Thursday, April 3, 2014

Dharma Series continued!

Pencil Crayon and ink on A4 Bristol Board

The Buddhist concept of non-attachment is often misunderstood in Western culture. For example, I once told a friend I was going to buy a set of mala beads to help me with my meditation practice. Her comment was that buying something wasn't very Buddhist.

I retorted by saying non-attachment wasn't about not owning stuff. I could have a whole house full of stuff but what would be Buddhist of me would be accepting, if that house burned down, the loss of all my possessions.

Since then my understanding of this has deepened quite a bit and I can see my own explanation as quite weak because non-attachment is not rooted in the physical world.

One thing I've learned while on my path is there will be a shift from intellectual understanding of a teaching to a deep 'knowing'. Intellectually I understood that letting go would result in an overall improvement to my sense of wellbeing because obviously, if I put less importance in 'stuff', the loss of said 'stuff' wouldn't bother me so much.

This made perfect sense to me and was reflective of one of the many important lessons my mum taught me when I was growing up. She made it abundantly clear that if my brother or I were to break a glass, for example, it was far more important that we weren't hurt than that we'd been careless. As human beings we had more value than a thing.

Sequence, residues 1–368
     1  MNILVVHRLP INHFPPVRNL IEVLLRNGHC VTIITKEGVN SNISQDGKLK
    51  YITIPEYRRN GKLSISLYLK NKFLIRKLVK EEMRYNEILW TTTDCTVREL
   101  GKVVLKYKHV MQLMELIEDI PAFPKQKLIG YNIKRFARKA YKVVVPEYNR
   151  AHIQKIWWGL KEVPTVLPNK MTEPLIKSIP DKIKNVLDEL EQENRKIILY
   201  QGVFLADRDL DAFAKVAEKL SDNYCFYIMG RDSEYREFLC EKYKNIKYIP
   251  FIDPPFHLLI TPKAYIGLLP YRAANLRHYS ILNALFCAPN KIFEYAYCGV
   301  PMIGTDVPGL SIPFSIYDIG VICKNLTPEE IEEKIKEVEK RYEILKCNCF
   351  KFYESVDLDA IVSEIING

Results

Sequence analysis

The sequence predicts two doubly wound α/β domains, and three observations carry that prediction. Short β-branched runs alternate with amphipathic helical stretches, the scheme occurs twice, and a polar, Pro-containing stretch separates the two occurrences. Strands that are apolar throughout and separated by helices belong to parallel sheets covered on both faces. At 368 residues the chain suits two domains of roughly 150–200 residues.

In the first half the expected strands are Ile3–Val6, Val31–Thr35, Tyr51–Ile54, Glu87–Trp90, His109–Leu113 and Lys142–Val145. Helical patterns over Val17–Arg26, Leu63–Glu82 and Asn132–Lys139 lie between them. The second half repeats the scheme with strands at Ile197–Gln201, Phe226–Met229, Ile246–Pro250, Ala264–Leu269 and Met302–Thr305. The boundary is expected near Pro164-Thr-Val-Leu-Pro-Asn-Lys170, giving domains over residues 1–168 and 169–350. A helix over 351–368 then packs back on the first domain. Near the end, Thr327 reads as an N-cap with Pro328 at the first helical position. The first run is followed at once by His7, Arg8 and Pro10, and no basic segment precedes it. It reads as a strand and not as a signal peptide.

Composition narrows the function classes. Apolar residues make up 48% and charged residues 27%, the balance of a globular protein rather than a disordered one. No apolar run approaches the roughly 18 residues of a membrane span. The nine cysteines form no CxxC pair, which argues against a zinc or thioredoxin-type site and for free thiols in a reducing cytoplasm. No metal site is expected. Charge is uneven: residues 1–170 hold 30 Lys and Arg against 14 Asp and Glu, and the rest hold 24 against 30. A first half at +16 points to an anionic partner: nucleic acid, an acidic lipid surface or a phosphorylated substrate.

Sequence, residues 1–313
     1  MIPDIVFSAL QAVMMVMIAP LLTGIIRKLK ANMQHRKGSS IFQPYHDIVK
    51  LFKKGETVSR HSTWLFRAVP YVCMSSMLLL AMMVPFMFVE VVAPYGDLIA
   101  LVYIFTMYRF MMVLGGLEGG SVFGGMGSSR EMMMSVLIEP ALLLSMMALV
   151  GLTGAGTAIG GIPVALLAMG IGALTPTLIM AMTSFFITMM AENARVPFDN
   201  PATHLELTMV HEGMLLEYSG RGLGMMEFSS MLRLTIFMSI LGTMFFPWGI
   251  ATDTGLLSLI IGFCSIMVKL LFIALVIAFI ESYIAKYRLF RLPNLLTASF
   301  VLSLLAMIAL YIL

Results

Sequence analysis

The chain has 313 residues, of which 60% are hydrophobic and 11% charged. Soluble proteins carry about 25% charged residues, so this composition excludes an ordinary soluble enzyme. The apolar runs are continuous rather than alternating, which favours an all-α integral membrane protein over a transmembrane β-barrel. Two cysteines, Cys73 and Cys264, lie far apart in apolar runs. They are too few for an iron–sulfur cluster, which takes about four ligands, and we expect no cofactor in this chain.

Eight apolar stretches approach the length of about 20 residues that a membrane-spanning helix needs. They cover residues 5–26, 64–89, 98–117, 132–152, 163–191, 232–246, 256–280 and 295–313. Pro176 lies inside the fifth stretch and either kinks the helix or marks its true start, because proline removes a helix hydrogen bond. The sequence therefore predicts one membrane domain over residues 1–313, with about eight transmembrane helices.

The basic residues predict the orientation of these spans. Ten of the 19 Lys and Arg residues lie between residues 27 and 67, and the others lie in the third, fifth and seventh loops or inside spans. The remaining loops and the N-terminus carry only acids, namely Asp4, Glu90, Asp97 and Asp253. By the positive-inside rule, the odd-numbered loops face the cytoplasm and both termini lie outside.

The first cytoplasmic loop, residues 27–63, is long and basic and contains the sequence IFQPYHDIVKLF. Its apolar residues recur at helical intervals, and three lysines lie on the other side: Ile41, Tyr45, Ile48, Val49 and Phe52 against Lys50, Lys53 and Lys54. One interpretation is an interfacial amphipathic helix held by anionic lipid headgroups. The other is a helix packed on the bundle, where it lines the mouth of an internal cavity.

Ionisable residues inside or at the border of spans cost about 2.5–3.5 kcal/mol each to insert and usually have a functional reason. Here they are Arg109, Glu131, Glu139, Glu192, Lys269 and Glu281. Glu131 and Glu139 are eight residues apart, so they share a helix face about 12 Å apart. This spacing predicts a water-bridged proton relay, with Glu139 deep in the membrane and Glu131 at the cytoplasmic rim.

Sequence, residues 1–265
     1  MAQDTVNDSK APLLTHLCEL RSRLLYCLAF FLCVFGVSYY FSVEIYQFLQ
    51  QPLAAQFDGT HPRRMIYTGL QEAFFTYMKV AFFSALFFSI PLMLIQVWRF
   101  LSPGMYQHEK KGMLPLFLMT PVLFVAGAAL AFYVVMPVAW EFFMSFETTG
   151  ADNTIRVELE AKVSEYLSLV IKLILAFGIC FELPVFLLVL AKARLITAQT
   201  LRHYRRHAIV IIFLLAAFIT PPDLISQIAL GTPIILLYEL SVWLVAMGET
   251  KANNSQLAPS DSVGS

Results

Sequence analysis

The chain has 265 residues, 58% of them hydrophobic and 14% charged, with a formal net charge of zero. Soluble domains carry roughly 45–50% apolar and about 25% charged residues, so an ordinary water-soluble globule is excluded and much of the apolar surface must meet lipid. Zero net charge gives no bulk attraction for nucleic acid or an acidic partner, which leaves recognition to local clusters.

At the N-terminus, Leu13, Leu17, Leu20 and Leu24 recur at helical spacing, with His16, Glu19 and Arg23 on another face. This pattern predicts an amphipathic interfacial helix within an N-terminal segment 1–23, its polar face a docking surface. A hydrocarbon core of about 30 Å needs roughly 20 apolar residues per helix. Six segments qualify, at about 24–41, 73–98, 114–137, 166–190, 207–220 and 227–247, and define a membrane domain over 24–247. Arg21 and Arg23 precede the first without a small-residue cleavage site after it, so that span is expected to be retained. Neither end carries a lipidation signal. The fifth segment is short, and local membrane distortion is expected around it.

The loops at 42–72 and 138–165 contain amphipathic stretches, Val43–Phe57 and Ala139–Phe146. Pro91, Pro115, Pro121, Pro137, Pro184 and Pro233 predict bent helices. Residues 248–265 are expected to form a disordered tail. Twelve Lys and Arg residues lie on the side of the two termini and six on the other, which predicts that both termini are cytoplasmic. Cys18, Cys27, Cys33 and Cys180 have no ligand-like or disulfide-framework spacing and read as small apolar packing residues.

Recently I experienced the shift from intellectually grasping this idea of letting go, to a deep 'knowing'. I came to see how attachment has nothing to do with the 'thing', but with our perception of it. To genuinely practice non-attachment we must learn how to view the world without expectation. 

It's not about letting go of things but letting go of perceptions and ideas about how the world should or shouldn't be. Effectively, non-attachment is accepting the world as dynamic, fluid, ever changing. 

My intention was to capture this realisation in this piece of work. Whether I accomplished that or not is unknowable, but I enjoyed making it and ultimately, that's all that matters.

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